Barium bioaccumulation by bacterial biofilms and implications for Ba cycling and use of Ba proxies
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AuthorMartínez-Ruiz, Francisca; Jroundi, Fadwa; Paytan, A.; Guerra-Tschuschke, Isabel; Abad Grau, María Del Mar; González-Muñoz, María Teresa
Martínez-Ruiz, Francisca; et. al. Barium bioaccumulation by bacterial biofilms and implications for Ba cycling and use of Ba proxies. Nature Communications (2018) 9:1619 [http://hdl.handle.net/10481/53228]
SponsorshipThis study was supported by the European Regional Development Fund (ERDF) cofinanced grant CGL2015-66830-R (MINECO Secretaría de Estado de Investigación, Desarrollo e Innovación, Spain), Research Groups BIO 103 and RNM-179 (Junta de Andalucía), and the University of Granada (Unidad Científica de Excelencia UCEPP2016-05).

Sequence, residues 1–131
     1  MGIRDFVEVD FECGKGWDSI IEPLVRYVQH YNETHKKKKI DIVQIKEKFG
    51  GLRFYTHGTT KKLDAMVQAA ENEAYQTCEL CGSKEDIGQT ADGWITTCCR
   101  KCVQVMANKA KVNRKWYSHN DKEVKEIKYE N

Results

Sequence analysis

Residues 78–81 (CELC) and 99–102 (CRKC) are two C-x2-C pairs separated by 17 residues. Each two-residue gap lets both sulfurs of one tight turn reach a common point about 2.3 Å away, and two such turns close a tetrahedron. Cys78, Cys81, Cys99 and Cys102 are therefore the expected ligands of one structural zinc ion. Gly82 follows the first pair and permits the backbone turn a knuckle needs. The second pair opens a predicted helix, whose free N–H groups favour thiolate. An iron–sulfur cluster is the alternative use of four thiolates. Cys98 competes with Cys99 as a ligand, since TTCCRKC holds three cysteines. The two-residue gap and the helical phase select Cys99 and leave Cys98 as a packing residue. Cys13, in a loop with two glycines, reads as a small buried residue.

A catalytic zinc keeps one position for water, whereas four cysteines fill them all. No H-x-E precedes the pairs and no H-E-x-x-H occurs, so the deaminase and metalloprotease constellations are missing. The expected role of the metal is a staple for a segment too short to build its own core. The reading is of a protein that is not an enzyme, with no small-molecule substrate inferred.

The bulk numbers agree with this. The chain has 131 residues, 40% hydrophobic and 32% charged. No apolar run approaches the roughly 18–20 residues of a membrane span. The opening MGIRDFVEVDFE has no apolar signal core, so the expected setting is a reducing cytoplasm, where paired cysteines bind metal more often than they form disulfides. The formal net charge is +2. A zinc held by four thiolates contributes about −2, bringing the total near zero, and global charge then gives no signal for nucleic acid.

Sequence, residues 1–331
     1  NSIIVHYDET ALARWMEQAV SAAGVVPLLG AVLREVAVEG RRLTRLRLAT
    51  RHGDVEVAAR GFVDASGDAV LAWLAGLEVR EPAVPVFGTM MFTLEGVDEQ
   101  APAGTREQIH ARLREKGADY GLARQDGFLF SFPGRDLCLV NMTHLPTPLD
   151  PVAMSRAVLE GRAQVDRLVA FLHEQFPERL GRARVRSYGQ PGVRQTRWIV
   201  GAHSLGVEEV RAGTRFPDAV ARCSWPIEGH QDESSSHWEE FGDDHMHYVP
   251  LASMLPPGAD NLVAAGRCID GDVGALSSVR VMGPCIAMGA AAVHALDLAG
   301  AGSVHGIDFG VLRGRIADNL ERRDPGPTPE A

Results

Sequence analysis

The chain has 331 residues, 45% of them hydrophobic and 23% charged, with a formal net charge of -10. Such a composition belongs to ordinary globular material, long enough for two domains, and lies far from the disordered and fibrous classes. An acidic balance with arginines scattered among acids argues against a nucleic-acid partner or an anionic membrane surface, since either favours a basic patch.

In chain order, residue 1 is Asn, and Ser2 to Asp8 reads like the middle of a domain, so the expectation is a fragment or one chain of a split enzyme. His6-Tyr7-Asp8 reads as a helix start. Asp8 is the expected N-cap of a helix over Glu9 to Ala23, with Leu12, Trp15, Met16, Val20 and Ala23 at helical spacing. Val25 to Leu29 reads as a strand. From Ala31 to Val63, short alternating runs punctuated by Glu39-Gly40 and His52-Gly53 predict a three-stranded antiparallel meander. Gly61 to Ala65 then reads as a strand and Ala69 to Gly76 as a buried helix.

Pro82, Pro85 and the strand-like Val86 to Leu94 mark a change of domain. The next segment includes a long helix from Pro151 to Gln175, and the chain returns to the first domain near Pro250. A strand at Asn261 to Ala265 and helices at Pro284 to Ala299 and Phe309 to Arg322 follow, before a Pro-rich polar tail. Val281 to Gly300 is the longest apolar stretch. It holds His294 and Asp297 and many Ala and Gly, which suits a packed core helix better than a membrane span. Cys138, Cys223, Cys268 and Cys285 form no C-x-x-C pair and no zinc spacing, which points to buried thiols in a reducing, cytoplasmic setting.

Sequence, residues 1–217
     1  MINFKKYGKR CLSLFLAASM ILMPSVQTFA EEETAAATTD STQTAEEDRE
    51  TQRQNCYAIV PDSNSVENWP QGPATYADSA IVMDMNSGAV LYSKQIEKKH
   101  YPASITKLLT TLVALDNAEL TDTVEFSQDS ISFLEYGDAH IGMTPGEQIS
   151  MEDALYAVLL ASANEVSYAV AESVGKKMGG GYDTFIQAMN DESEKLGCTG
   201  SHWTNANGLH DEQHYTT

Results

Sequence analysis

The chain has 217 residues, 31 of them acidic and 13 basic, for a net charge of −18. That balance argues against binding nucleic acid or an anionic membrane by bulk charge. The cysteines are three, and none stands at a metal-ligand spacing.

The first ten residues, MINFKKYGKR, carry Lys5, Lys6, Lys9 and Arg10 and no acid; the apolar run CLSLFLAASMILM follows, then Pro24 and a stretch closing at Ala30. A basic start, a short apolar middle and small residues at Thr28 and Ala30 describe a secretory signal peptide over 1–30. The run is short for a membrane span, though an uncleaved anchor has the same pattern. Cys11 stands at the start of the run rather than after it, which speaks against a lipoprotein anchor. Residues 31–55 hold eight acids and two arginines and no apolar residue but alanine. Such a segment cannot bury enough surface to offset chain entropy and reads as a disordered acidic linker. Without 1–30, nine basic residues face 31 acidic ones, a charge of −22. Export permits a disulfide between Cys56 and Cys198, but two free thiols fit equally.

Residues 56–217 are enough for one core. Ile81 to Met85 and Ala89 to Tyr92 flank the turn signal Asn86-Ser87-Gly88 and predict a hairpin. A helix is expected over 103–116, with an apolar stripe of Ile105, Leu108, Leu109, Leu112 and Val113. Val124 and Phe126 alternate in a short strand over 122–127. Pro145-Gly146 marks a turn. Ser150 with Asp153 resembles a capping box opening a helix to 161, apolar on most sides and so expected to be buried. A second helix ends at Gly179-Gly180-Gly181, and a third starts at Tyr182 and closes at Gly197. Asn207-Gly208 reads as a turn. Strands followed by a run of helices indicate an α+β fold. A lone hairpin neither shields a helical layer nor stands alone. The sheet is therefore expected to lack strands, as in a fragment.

Ba proxies have been broadly used to reconstruct past oceanic export production. However, the precise mechanisms underlying barite precipitation in undersaturated seawater are not known. The link between bacterial production and particulate Ba in the ocean suggests that bacteria may play a role. Here we show that under experimental conditions marine bacterial biofilms, particularly extracellular polymeric substances (EPS), are capable of bioaccumulating Ba, providing adequate conditions for barite precipitation. An amorphous P-rich phase is formed at the initial stages of Ba bioaccumulation, which evolves into barite crystals. This supports that in high productivity regions where large amounts of organic matter are subjected to bacterial degradation, the abundant EPS would serve to bind the necessary Ba and form nucleation sites leading to barite precipitation. This also provides new insights into barite precipitation and opens an exciting field to explore the role of EPS in mineral precipitation in the ocean.